New £2.4 billion bridge that will connect countries that were once on the brink of war

Tyler Mitchell By Tyler Mitchell Jun4,2024

A proposed “Friendship bridge” will connect two countries that have had a turbulent relationship since the 1930s.

The bridge is hoped to promote Gulf Cooperation Council (GCC) economic development and boost integration and strengthen ties between the people of the two countries.

The officially-named Bahrain-Qatar Causeway project is said to cut travel time from five hours to about 30 minutes, over a distance of about 21 miles.

In 2008, the project cost was around £1.8 billion, but today it is said to cost about £2.4 billion.

It will support both road and railway and is seen to be a natural extension of the King Fahd Causeway, a 15.5-mile stretch that connects Khobar, Saudi Arabia, and Al Jasra and Bahrain.

It will also reach 40-metres high and support maritime navigation.

“The proximity of Bahrain to Qatar and the dynamism of both economies make them structurally logical trading partners, and this is reinforced by the warmth of cultural ties between the two nations,” Dr Omar Alubaydli from the Bahrain Centre for Strategic, International and Energy Studies (Derasat) told the Gulf Daily News (GND) in February.

“Building a causeway that links both countries will provide a timely economic boost to both sides, while also improving energy and food security at a time when global trade routes are under strain.”

The journey to this point has been far from straightforward. The project was reportedly first approved in February 2005, at the time to be the longest fixed link in the world, linking Bahrain near Manama to northwest Qatar near Zubarah.

Doha and Manama, the two capitals, were on the verge of war in 1986 over disputed territories, including the Zubura, Janan Islands and Fasht Al-Dibal.

In 2010, Qatari coastguards injured a Bahrain fisherman, reigniting the dispute over the Hawar Islands which had first begun in 1936. This escalated costs and the subsequent diplomatic row stalled the project.

Plans resumed in 2013, when the Bahrain-Qatar Causeway Authority commissioned consultants to review the designs for the 25-mile structure. However, construction still had not started in 2015.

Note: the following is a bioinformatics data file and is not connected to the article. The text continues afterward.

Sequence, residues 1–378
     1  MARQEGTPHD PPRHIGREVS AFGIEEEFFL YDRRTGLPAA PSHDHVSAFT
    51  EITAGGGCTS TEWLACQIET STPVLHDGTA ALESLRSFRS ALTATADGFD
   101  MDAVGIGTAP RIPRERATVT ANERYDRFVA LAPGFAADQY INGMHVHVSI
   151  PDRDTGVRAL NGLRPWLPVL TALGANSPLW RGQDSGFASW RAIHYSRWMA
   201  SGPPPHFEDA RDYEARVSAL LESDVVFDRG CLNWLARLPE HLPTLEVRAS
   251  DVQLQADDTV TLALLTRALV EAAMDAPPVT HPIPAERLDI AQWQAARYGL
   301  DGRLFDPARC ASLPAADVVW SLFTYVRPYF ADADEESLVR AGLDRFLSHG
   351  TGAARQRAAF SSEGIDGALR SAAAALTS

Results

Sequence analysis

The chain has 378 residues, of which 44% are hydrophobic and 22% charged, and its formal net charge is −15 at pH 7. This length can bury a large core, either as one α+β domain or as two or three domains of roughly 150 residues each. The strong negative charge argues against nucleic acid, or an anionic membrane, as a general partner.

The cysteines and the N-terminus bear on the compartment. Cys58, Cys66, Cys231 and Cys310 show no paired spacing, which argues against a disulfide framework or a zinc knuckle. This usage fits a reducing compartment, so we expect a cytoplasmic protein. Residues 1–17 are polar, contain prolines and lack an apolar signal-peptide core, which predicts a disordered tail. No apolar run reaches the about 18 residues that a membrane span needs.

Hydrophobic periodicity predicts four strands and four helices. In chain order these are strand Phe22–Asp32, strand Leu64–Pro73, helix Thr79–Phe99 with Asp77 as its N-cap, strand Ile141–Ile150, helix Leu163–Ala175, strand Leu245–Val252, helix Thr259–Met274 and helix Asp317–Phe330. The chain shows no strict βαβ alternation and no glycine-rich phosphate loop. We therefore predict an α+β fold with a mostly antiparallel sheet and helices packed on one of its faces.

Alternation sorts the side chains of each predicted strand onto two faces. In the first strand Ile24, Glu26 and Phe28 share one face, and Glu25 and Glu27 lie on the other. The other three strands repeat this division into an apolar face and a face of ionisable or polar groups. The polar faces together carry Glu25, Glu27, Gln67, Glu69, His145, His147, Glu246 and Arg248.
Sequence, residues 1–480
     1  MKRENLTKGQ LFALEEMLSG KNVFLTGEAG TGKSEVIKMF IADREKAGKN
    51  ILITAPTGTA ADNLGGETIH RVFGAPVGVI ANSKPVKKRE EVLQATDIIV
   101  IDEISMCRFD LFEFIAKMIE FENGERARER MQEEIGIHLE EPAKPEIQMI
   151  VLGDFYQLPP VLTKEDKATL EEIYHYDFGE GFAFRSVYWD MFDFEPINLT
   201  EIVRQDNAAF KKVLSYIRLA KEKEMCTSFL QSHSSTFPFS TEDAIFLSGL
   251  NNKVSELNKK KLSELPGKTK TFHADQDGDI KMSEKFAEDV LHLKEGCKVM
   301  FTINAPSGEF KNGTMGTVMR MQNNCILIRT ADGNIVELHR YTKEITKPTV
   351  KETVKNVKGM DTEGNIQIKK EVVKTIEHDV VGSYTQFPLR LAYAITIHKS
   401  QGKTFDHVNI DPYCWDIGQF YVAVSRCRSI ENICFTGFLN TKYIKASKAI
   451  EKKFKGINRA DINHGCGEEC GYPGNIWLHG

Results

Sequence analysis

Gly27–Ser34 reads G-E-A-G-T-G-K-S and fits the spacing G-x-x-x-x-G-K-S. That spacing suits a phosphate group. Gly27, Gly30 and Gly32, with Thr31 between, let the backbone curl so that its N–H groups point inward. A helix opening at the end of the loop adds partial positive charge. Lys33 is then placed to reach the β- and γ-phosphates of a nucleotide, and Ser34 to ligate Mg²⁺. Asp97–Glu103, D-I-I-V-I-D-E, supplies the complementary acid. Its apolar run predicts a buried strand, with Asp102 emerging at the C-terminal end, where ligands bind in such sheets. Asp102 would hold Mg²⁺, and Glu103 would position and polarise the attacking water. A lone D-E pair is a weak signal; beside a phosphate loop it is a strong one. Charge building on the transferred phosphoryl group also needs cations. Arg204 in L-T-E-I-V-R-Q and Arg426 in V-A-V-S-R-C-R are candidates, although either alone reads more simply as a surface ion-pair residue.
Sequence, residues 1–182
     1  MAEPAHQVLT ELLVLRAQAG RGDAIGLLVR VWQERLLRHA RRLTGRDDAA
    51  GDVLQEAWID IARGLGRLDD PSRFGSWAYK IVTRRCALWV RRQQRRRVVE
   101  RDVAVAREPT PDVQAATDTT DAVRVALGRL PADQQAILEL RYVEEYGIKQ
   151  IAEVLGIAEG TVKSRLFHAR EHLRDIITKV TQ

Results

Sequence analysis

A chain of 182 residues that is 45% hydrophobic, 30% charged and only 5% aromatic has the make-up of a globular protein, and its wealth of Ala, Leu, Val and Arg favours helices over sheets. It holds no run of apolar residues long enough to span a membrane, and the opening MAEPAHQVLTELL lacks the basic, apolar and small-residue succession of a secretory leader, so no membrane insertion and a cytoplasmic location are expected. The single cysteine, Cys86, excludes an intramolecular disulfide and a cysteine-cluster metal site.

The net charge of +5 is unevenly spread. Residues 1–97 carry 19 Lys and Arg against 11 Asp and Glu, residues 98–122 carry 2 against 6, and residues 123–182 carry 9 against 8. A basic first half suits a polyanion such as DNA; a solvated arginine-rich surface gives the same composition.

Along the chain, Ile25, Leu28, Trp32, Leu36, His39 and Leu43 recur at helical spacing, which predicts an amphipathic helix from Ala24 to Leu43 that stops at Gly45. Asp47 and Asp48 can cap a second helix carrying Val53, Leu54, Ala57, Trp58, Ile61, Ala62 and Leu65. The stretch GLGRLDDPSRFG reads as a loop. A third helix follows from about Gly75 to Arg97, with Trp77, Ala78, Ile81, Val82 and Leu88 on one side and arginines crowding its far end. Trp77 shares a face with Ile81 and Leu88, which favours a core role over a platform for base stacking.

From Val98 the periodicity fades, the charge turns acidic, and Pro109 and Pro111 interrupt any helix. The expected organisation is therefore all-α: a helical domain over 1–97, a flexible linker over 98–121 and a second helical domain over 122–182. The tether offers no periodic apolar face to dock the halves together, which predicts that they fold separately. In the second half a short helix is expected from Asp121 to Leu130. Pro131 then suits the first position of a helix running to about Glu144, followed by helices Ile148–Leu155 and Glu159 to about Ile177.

In June, Bahrain officially cut diplomatic ties with Qatar, joining Saudi Arabia, the United Arab Emirates and Egypt. The quartet imposed an illegal air, land and sea blockade, accusing it of creating instability in the region and terrorism and Bahrain gave Qatar’s diplomats 48-hours to leave.

Diplomatic trade and transportation ties were not re-established and resolved again until 2021. In April 2023, diplomatic relations were finally resumed, two years after the Bahrain blockade on Qatar was resolved.

In November 2023, the GDN reported that the project was discussed during a meeting between Bahrain’s Crown Prince and Prime Minister and the Qatari Prime Minister and Foreign Minister at Gudaibiya Palace in Bahrain. Both parties directed the concerned authorities to complete the necessary plans to initiate the implementation of the project.

Then in February this year, the project received a fresh boost when officials from both sides agreed to restructure the board of the project as part of its implementation. This was discussed at the fourth meeting of the Bahrain-Qatari Follow-up Committee held in Manama.

“The meeting discussed topics on its agenda and agreed to restructure the board of directors of the Qatar-Bahrain Causeway in line with the directives of the leaderships of two countries,” said a statement at the time. “The step is expected to have positive outcomes for both nations.”

Tyler Mitchell

By Tyler Mitchell

Tyler is a renowned journalist with years of experience covering a wide range of topics including politics, entertainment, and technology. His insightful analysis and compelling storytelling have made him a trusted source for breaking news and expert commentary.

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One thought on “New £2.4 billion bridge that will connect countries that were once on the brink of war”
  1. Do you think the Friendship bridge will truly strengthen ties between the countries, or could it potentially cause more conflicts?

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